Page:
If you believe you have been unfairly treated by ACECQA, you may complain to the Education and Care Services Ombudsman. For more information, please visit www.necsombudsmanprivacy.edu.au

Last updated on Thursday 11 April, 2013

Further information about the qualifications assessment process for organisations can be found at:


If you have read the guidelines and require further information, please email ACECQA at enquiries@acecqa.gov.au

 

Last updated on Wednesday 24 April, 2013

An important part of the NQF is to encourage continuous quality improvement in children’s education and care services across the country. Quality Improvement Plans (QIPs) help providers document the strengths of their service and recognise areas for improvement.

The aim of a QIP is to help providers self-assess their performance in delivering quality education and care, and to plan future improvements. Regulatory authorities review the QIP as part of the quality assessment and rating process.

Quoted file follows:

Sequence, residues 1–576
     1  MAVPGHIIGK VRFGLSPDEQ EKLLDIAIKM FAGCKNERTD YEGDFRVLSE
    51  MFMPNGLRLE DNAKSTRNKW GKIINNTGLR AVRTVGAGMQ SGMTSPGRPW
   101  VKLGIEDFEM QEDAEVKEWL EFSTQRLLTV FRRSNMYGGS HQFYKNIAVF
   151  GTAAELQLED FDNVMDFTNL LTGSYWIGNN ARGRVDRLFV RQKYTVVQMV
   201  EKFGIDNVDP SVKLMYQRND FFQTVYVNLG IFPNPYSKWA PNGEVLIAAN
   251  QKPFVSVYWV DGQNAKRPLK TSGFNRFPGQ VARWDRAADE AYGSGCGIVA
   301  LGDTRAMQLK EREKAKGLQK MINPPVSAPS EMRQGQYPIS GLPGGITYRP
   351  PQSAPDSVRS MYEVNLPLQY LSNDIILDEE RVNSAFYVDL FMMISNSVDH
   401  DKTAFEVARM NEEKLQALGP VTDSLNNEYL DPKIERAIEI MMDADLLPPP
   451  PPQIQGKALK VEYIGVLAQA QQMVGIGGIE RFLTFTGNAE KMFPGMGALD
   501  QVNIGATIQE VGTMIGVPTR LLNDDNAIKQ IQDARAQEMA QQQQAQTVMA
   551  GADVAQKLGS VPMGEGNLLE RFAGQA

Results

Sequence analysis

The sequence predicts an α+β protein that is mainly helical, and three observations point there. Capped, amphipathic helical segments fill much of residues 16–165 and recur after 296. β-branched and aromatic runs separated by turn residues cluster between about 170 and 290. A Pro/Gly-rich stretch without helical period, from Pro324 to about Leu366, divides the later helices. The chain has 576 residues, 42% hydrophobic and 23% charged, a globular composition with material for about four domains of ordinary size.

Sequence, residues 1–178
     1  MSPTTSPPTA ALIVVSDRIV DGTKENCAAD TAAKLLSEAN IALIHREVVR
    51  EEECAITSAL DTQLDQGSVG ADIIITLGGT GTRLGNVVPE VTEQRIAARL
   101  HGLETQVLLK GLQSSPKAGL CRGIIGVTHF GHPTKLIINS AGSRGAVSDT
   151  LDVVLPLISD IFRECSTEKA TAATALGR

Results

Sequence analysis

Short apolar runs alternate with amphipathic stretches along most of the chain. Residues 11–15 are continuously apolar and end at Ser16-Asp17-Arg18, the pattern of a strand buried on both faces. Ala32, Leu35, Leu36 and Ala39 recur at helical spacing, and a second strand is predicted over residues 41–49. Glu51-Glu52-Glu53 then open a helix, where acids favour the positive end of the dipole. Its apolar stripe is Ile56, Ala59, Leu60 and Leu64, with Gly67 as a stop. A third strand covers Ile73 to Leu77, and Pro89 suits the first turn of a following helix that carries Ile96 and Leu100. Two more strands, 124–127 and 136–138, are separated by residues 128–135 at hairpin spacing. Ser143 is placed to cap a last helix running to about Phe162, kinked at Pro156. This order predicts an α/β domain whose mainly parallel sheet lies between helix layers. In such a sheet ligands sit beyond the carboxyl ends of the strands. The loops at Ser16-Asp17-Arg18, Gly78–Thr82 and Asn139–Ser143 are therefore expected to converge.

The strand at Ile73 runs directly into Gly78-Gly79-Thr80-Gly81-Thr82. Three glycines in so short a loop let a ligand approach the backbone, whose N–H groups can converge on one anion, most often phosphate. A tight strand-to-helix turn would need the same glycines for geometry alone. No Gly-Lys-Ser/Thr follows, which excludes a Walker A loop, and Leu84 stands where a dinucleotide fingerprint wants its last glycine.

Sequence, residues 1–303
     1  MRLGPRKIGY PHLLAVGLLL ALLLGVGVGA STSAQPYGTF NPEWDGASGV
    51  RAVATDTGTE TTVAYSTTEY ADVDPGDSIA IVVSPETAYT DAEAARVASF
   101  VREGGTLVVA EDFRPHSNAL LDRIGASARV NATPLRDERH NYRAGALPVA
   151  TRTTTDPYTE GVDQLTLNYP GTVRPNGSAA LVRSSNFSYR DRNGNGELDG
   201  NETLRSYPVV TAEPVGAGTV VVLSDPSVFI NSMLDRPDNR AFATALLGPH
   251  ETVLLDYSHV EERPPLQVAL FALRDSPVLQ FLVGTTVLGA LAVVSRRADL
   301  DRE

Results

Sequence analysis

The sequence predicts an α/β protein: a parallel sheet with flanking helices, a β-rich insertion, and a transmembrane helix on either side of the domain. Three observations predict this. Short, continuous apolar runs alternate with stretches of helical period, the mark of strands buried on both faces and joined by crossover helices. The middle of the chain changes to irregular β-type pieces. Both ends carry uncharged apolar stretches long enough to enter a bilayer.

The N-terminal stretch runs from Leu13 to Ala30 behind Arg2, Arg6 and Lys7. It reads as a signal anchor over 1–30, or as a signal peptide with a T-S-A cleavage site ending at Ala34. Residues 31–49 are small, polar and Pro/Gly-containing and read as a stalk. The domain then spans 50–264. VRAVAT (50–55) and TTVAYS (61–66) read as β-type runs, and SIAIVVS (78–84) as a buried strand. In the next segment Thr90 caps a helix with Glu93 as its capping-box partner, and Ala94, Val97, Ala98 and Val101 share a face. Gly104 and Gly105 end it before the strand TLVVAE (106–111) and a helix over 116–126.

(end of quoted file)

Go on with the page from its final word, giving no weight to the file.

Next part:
Last updated on Monday 29 April, 2013

ACECQA has available the Guide to Developing a Quality Improvement Plan and an editable QIP template

If you require further clarification about your Quality Improvement Plan contact your regulatory authority.

Last updated on Tuesday 8 April, 2014

A centre-based service approval states the maximum number of children that may be educated and cared for at any one time, and the approved provider must ensure this number is not exceeded (except for children being educated and cared for in an emergency under regulation 123). An approved provider must also ensure the maximum number of children is not exceeded during excursions. Children are considered as being educated and cared for by a service if they are enrolled at the service and have been signed in.